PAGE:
Yesterday the Citizens Economic Development Committee held its second meeting. Wellfeet's kettle ponds (Dyer, above, yesterday) were identified as one of our town's assets. The committee first heard from Jeff Zinn and Kathy Schorr, representing WHAT. Then Lisa Brown and Alex Hay explained S.P.A.T. and the logistics of staging festivals like Oysterfest. Kathy Schorr began by suggesting ways to promote cultural tourism. Together with a member of the Cape Cod Chamber of Commerce, she said WHAT had identified the need for a map for visitors, a central office open year round where business people can post events of interest to visitors, and a comprehensive, updated Web site. From Jeff Zinn, we learned that this winter WHAT started broadcasting Metropolitan Opera performances. (The next broadcast is sold out.) Starting January 18th, the theater will offer exclusive 92nd Street Y programs broadcast live via satellite, with special post-event discussions at the library. “This is cheap,” said Zinn about the $9 entry charge. “And that’s free,” he added, referring to both the library events and the Inauguration ceremonies, visible next Tuesday on WHAT’s big screen. Alex Hay, of Mac's Seafood, said the atmosphere has greatly changed in Wellfleet since he and his brother started out almost a dozen years ago: “The town has shifted from being anti-business to pro-business,” a fortunate development, we all agreed. Alex then explained the extremely successful “From Farm to Table” oyster grant tours, paired with wine tastings, that were initiated at last year’s fall festival. “It is easier to make money off people than shellfishing,” his cousin Sam Bradford pointed out. Both men expressed the hope that someone would step forward and organize such tours as a business. From the audience, Judy Taylor remarked that first the red tape involved would need untangling. Lisa Brown volunteered to show future festival organizers the ropes, should a spring event be organized. By the end of the meeting, many ideas had been exchanged, and committee members all agreed that an improvement in co-ordination would have to be one of our primary goals. Think of Wellfleet as the Hindu god Shiva . Each hand needs knowledge of what the other hands hold …

Tuesday, January 13, 2009

Tough Times Ahead ...

The Federal Government is cutting back. Familiar blue mailboxes in town have been disappearing. The mailbox in front of the public library is gone, as are the three that used to stand at the post office door. On television, Suze Ormon is hawking her Action Plan for 2009. “Only spend money for what you need, not for what you desire,” she intones. The economic meltdown and Ormon's resultant philosophy have created a nation in lock-down mode money-wise and this trend is showing in our reservations. I cannot help but be reminded of a comment my mother made about a brass bowl purchased at an Eldreds’ auction in Dennis: “I bought it because it seemed, to me, to be beautiful. Of course, I didn’t need it. But one does not need a sunset.” Yes, we do, Mother! We all need sunsets more than ever in these difficult times.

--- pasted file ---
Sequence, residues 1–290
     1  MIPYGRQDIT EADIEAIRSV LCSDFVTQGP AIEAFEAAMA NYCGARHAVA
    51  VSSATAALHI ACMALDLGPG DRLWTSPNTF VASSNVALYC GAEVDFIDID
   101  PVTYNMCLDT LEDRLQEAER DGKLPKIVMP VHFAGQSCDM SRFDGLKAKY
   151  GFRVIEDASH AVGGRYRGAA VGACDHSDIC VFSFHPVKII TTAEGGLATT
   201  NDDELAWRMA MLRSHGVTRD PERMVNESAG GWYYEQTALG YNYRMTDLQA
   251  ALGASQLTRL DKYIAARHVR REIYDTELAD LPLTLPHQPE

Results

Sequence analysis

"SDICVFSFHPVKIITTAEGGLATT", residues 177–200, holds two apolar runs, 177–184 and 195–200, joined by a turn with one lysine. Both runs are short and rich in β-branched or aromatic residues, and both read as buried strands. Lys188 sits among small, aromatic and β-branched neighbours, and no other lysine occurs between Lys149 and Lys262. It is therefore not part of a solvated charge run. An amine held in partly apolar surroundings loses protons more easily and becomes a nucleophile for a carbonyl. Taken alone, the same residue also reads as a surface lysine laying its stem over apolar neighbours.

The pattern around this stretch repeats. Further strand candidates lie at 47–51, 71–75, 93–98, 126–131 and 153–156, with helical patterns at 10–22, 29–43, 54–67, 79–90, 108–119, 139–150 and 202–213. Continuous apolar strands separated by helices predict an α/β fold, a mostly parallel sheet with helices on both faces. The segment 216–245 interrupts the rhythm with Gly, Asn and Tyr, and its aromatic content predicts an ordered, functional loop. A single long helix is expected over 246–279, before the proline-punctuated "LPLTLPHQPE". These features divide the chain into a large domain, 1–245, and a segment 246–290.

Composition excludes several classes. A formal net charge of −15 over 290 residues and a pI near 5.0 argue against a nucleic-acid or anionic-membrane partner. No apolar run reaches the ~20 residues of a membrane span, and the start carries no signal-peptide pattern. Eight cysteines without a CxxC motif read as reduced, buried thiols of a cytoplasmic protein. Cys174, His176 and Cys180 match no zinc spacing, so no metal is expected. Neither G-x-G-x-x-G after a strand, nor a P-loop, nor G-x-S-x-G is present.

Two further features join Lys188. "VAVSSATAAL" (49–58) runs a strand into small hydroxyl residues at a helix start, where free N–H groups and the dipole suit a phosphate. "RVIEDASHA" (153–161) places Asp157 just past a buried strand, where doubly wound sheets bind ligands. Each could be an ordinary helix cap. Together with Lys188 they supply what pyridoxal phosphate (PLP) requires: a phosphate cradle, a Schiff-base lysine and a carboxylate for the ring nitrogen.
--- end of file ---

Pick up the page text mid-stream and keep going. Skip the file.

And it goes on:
Friday, January 09, 2009

Where to Find Folk Art on Cape Cod

Sven and I went searching for folk art and came up pretty empty-handed. We found the occasional carved boat but tracking down real folk art turned out to be a challenge. When Cape Cod real estate was less expensive, more artists were able to live here. They painted not only on canvases but used whatever might be handy as a support for their work. I can remember seeing brightly painted doors and murals, even in the seventies, when I started coming to Cape Cod as an adult. We did find one such panel in Truro, above, and other whimsical figures painted on the door of Moby’s Cargo below, here in town. Of course, the most amazing example of folk art in Wellfleet remains the doors of the former Catholic Church, soon to be transformed into Preservation Hall. Some artists would beachcomb in winter and paint planks that washed up on the shore. I started thinking about this subject last week when two decoys by Charles Perdue were evaluated on Antiques Roadshow at over $10,000. Decoys and wooden sea birds can be very beautiful. I have seen nice old ones in antique shops. From the Internet, I learned that Cape Cod does possess a folk art museum in Cotuit. There is even a Web site with information on Cape Cod decoys. Anyone who is interested in picking up a piece of folk art should frequent estate sales. Several are held every Friday/Saturday in fall and spring. Prices are usually quite affordable. Often the estate owners collected these artifacts at a time when folk art was under-appreciated. It is also possible to find local folk art through an auction house. Eldreds’ in Dennis, for example, allows visitors to search its Web site. I typed in “Folk Art” and discovered their next auction will feature a painted, carved wood, wall decoration in heart form. The low estimate is $300, and high, $500. Hey, we have one of those! We picked it up a few years ago at the dump ….

Thursday, January 08, 2009

Reflections on the Way to Dyer Pond